Tourtiere
8 servings
Adapted from the Joy of Cooking by Irma Rombauer, Marion Rombauer Becker, Ethan Becker, John Becker, and Megan Scott I recommend using ground beef that’s not too lean, and if you want to substitute the pork with ground chicken or turkey, I advise using dark meat ground poultry. You could likely swap out another root vegetable for the potato, such as parsnips, carrots, or rutabagas, peeled and cubed. The potato I used weighed in at 10 ounces/280g, if you want to use that as a guide. But the recipe is anything but fussy and you could certainly customize the filling to your tastes and whims.
For the dough
2 1/2 cups (325g) flour
1 teaspoon sugar
1/2 teaspoon salt
8 ounces (230g, 1 cup) unsalted butter, cubed and chilled
6 tablespoons (90ml) ice water, plus more if necessary
1 tablespoon white or cider vinegar
For the filling
1 pound (450g) ground beef
1 pound (450g) ground pork
1 large onion, peeled the diced
1 large russet potato, diced (I don’t peel it)
1 teaspoon salt
1/2 teaspoon black pepper
1/2 teaspoon ground cinnamon
1/2 teaspoon freshly grated nutmeg
1/4 teaspoon ground allspice
1/4 teaspoon ground cloves
1/4 teaspoon cayenne or red chile powder
1 bay leaf
1 cup (250ml) beef or chicken stock, or water
1 egg yolk, lightly beaten
To make the dough
1. In the bowl of a stand mixer fitted with the paddle attachment (or in a food processor, or in a large bowl using a pastry blender), mix the flour, sugar, and salt. Mix in the butter at low-to-medium speed until the pieces of butter are the size of small peas. Add the ice water and vinegar and mix on low speed just until the dough comes together, but do not overwork it. For that reason, I often do the last of the mixing by hand. If the dough is too dry to come together, add another spoonful or so of water.
2. Divide the dough in two and shape each half into a disk. Wrap and refrigerate the disks for at least 1 hour. (The dough can also be refrigerated for up to three days, or frozen for up to three months.)
To make and assemble the tourtière
3. In a large skillet with a lid, or a Dutch oven, heat the ground beef and pork over medium heat. Cook, stirring to break up the meat, until it’s browned and cooked through. With a slotted spoon, remove the meat to a plate or bowl, and drain from the pan all but 2 tablespoons of fat. (Any meaty juices that are in the pan should be reserved to add later.)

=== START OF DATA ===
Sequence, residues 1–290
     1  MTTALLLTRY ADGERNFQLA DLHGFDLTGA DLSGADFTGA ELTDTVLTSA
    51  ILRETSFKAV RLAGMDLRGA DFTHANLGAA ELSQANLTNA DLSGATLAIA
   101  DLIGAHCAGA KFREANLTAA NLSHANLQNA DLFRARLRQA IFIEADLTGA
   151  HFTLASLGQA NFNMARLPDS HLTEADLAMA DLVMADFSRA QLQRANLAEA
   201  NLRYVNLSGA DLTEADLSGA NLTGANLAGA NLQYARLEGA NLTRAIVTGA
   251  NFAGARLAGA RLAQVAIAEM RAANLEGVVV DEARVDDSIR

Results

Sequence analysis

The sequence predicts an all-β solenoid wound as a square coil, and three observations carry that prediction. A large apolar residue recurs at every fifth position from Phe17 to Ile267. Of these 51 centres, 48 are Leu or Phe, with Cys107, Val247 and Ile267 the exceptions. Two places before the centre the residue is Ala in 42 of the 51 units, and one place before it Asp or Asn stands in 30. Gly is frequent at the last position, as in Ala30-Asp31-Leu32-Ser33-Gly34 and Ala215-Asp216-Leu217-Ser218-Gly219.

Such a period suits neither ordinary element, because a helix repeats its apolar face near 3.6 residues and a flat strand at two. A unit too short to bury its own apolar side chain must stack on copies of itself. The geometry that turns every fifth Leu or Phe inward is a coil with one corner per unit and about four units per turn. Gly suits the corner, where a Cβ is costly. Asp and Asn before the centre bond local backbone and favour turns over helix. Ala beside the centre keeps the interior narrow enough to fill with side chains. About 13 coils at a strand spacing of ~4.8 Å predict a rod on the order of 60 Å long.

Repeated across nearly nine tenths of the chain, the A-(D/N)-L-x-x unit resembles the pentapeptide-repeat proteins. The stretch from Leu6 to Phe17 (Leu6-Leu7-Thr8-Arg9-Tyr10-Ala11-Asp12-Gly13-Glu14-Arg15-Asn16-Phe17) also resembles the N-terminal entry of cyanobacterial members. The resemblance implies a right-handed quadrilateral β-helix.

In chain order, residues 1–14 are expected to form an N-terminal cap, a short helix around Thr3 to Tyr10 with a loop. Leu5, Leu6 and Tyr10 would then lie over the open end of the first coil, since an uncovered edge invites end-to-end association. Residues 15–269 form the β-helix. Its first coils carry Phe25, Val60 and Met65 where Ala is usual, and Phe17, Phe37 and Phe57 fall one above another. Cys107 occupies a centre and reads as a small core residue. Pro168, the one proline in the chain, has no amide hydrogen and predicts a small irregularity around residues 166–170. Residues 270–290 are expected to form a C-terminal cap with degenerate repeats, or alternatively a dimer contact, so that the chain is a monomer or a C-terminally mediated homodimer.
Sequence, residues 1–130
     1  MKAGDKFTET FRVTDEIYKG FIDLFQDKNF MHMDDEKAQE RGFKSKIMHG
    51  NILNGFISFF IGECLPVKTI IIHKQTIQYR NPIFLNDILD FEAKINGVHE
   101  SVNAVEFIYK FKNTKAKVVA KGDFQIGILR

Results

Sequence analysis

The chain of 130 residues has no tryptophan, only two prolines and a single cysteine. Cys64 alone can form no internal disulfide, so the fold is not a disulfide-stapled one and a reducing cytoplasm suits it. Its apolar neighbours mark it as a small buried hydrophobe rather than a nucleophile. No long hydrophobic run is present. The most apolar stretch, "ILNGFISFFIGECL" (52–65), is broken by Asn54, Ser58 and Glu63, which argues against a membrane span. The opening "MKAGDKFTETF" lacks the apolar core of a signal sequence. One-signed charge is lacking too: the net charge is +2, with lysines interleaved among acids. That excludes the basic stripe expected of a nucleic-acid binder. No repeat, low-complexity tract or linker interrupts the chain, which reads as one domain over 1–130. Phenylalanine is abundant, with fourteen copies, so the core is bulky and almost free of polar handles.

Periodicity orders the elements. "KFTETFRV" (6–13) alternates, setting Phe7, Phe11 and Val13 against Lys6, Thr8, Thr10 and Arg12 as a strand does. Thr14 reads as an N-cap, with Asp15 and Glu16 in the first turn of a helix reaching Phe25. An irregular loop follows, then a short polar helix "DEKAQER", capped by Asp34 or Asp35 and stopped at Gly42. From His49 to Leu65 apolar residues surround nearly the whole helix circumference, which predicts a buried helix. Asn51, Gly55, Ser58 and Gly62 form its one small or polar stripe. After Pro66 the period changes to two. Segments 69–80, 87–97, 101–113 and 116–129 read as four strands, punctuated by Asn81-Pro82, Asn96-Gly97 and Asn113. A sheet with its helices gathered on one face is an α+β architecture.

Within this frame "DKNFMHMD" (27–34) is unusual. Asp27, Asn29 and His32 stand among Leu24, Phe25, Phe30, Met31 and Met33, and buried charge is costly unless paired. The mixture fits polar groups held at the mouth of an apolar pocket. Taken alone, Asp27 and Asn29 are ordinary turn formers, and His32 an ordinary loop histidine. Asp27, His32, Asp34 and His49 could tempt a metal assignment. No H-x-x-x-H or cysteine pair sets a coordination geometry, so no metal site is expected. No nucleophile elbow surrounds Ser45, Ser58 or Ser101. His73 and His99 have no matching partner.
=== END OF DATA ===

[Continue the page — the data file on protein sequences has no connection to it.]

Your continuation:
4. Add the diced onion to the pot and cook until translucent, about 5 minutes. Stir in the potatoes, salt, spices, and bay leaf, coating the potatoes and onions with the spices. Stir the cooked beef and pork back into the pot along with the stock, and any reserved juices from the previous step.
5. Bring to a low boil, then reduce the heat to a simmer, cover and cook gently for 30 minutes, stirring once or twice while cooking. Transfer the mixture to a small bowl, remove the bay leaf, and cool to room temperature or chill in the refrigerator.
6. To assemble the tourtière, remove the dough from the refrigerator and on a lightly floured surface, roll one disk of the dough into a 13-inch (33cm) circle. Gently drape it into a deep 9- to 10-inch (23cm) pie plate or pan. (The authors say this can also be baked in a similar-sized skillet, with an ovenproof handle.) Scrape the meat mixture into the dough-lined pan, then roll out the second disk of dough to the same size, and drape it over the pie. Tuck the two pieces of dough that are overhanging the sides under the rim, inside the pie plate. Crimp the edges and chill the pie for one hour, or freeze it for 15 minutes.
7. To bake the tourtière, preheat the oven to 375ºF (190ºC). Brush the egg yolk over the top of the pie dough, cut a hole in the center, and make any decorative marks you wish in the top with the tip of a sharp paring knife. Bake the pie until the top is golden brown, about 45 to 50 minutes. If necessary, you can run the pie under the broiler a minute or so to get it to brown nicely. Let cool 10 minutes before serving.

Serving: Serve the tourtière warm with a green salad or a side of vegetables, such as steamed green beans.